‘Oh come to the altar; the father’s arms are open wide. Forgiveness was bought with the precious blood of Jesus Christ.’
Not the words you’d imagine being shouted by a bunch of teenage boys during the half-time break at a rugby match. But at last year’s grand final between long-time rivals St Joseph’s Nudgee College and the Southport School, that’s exactly what happened. There’s video evidence, and we guarantee it’ll give you chills!
The Nudgee Boys—Stephen, who sang, and Ben, who played keyboards—could hardly believe it either. They told Alex during a Vision180 interview that it was the culmination of a year of praying. They knew God was powerful in their school, but they couldn’t see how.
On the Wednesday before the big game, they decided to take the massive gamble of teaching a Christian song at a Catholic school. ‘Come on, boys. We’re gonna do something different this weekend. We’ll teach you a song.’
Turns out they didn’t have to. Everyone already knew the words.
‘And then come Saturday,’ Ben revealed, ‘they were all fired up and ready to go.’
To hear their whole school belting out the anthem, originally by Elevation Worship, was a triumphant moment for both of them. ‘Having teachers responding, and students responding, in such a powerful way—it’s been incredible,’ Stephen added.
For those of you wanting to step out and do something for Christ in your own school, Ben thinks prayer is the most important thing. They’d been praying over this for more than a year. And even though they were not really seeing any impact, they never lost hope. ‘So just pray into it as much as you can, and don’t hold anything back.’
‘We would do mass and full school assembly,’ Stephen said, ‘and we’d be like, yeah, that was good, but we haven’t seen anything. We want to see something. But we just kept on praying, and being faithful, and eventually, we got to play in front of the grandstand.’
The performance has kickstarted conversations with a lot of other students, including non-Christians. They talked about hearing songs on the radio, and thinking, ‘That was cool.’ ‘But then when they hear a song that Ben and I play, it touches them. It’s an emotional touch as well. It’s something that they’ve never felt before, which they want to hear more of.’
These days, even Christian music can be controversial. However out of the many thousands of people who’ve watched it, only one guy wrote a negative comment about the video. Unusually, Stephen decided to reach out to the hater. ‘So I sent him a message, and had a bit of a chat. I haven’t yet converted him, but close to it, I’d like to think.’
Converting a keyboard warrior into a believer? A bit far-fetched, you might think. Well wait until you hear Ben’s story. Believe it or not, he used to be a passionate atheist. He’d grown up in a Christian family, going to church every weekend, but he says the message just never sank in.
‘And then I started researching more into science, and around year 7, year 8, I started looking into evolution. I thought you don’t need God anymore. This is just a fairy tale.’
Ben was so passionate about his beliefs that he actually started an atheist club at his school. ‘It was me and about four other mates; we’d just sit round just talking about how crazy Christianity is. We’d even get to the point where we’d almost bully kids for being Christian. Unless you deny God, you can’t sit with us at lunchtime. Go away!’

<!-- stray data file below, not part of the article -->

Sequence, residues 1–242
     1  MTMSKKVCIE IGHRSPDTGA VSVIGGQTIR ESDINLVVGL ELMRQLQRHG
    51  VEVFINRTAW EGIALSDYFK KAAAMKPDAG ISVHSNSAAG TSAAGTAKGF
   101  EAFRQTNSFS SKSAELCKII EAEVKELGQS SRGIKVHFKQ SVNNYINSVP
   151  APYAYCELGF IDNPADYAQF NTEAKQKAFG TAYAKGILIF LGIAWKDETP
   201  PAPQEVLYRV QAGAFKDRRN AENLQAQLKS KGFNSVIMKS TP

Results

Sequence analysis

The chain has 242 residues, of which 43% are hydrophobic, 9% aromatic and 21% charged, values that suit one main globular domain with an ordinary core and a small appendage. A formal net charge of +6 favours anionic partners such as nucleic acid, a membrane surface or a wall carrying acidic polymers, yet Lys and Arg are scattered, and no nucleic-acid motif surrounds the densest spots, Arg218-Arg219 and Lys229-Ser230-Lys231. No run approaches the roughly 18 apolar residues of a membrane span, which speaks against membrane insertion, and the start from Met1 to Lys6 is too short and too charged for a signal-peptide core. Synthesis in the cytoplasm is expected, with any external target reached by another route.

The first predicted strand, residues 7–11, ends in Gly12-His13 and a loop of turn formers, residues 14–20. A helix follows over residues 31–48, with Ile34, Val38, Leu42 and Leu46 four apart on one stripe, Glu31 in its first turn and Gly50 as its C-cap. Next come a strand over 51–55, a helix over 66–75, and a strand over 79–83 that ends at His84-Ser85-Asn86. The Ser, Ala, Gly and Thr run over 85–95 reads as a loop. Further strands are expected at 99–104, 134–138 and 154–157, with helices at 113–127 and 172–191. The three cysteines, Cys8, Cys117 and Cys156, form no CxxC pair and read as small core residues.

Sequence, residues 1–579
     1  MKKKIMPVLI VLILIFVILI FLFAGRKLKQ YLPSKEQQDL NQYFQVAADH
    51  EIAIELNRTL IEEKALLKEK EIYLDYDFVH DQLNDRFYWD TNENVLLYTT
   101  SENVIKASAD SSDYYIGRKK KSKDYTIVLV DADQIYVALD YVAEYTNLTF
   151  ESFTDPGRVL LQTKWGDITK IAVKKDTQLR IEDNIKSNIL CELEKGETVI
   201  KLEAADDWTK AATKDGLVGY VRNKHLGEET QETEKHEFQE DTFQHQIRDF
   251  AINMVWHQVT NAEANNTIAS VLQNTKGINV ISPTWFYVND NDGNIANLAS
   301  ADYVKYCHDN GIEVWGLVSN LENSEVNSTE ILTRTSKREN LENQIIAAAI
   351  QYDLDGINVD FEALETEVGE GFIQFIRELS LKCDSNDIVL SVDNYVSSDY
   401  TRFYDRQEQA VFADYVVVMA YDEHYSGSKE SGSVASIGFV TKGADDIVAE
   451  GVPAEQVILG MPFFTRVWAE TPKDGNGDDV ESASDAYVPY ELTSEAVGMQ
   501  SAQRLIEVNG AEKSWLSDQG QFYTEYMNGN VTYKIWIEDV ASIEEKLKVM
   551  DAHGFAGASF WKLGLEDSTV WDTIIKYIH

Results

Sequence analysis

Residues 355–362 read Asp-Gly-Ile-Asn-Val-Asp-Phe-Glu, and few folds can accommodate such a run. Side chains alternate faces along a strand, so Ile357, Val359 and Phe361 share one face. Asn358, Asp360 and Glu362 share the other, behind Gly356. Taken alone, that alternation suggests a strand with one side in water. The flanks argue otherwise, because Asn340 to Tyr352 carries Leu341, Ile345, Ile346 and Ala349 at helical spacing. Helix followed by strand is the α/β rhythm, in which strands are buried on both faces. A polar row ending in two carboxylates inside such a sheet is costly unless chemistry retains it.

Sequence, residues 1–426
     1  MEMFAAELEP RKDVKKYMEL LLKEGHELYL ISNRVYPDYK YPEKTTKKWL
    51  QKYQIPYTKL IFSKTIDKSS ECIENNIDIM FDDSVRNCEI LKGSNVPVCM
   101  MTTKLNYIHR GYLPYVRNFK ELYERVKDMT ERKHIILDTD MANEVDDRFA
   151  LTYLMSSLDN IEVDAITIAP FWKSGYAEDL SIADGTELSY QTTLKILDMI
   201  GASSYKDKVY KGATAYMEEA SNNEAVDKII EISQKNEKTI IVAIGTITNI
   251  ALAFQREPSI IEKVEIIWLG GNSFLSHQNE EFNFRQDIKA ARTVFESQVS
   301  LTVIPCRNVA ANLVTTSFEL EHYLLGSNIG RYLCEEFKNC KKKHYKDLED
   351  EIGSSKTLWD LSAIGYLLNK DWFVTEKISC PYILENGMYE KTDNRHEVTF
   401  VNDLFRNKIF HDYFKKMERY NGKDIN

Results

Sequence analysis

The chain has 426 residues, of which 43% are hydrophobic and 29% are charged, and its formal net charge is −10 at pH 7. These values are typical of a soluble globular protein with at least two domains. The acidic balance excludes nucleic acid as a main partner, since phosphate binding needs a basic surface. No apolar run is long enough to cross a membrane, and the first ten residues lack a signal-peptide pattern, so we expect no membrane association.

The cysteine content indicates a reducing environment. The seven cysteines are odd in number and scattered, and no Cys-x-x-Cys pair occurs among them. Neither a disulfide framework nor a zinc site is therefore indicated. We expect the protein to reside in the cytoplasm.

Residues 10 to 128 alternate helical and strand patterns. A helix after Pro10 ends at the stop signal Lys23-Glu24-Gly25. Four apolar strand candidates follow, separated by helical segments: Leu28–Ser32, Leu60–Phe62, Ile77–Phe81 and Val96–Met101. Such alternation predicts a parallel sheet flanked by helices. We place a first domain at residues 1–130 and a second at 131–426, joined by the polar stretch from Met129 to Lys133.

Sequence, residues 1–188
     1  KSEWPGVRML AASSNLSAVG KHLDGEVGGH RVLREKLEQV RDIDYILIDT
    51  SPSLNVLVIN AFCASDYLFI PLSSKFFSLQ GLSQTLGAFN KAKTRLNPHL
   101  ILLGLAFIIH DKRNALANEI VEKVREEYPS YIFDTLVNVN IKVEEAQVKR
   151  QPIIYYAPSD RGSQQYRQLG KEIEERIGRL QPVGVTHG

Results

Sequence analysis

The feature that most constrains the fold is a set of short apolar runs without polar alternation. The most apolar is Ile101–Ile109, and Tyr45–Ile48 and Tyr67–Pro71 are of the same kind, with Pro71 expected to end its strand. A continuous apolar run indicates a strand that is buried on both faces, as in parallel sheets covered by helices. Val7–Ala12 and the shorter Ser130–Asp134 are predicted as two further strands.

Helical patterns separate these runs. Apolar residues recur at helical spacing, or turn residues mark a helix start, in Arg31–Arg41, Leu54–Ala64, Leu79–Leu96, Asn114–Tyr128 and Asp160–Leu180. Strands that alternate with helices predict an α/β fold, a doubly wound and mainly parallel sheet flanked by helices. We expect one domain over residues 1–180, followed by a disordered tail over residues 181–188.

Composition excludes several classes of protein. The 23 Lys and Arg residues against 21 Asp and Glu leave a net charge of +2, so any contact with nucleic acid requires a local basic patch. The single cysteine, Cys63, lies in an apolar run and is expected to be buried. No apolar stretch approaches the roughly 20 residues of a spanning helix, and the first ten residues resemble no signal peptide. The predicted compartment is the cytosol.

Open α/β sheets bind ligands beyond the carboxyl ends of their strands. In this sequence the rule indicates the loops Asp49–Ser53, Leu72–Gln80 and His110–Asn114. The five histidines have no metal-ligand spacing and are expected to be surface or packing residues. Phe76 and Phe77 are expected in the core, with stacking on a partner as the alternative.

we just kept on praying, and being faithful, and eventually, we got to play in front of the grandstand
He remembers the exact date when everything changed. On the morning of 20 July, he was walking to his next class with a friend when he heard someone saying: ‘Ben, come back.’
‘I turned to my mate, and said what do you want me to come back for? We’re walking together. He was like: “I didn’t say anything, Ben.”’
As the day went on, I kept hearing those same words, again and again and again. ‘Ben, come back.’
‘This is just weird,’ I thought. ‘I don’t know what’s wrong with me. I don’t know what I’ve been eating.’
‘I was just walking at lunchtime, just by myself, trying to air my head from it all. And I was just looking up to the sky, and I could have sworn that what I saw was an angel, coming down from the sky. And it just reached out its right hand, and said, “Ben, come back.” I didn’t know what to think. I was almost crying. I was just shocked.’
Ben had no idea what to do. He’d literally just been making fun of kids for believing in something he’d now seen with his own eyes. He went home and started researching, but this time he was looking for proof that what he’d seen could be true. ‘I started finding a lot of evidence I didn’t think was actually there. I think I’d just ignored it in the first place.’
A couple of nights later, Ben had a dream. ‘I was looking in a bathroom mirror, and through the reflection, I saw Christ on the other side of the mirror. He was just sitting there. Didn’t say a word. And He just pointed to the top right corner of the mirror.’
Written there was Jeremiah 33:3. He knew this was a Bible verse, but he had no idea what it said. When he woke up, he rushed to look it up, and of course, the words he read were exactly what he needed to hear. ‘Call to Me and I will answer you and tell you great and unsearchable things you do not know.’
There’s so much we can’t know about how God will work out His plans. Who could have guessed that a passionate atheist would end up playing in a band honouring Christ? Ben and Stephen felt sometimes that their work wasn’t making a difference. But they stayed faithful and kept praying, and now we’ve seen God move through a lot of people in a big way.
The song they sang says: ‘Bear your cross while you wait for the crown, tell the world of the treasure you found.’
Being that ray of light isn’t always easy, but whether you’re trying to help out a friend, or your whole school, don’t give up. God can do amazing things through you.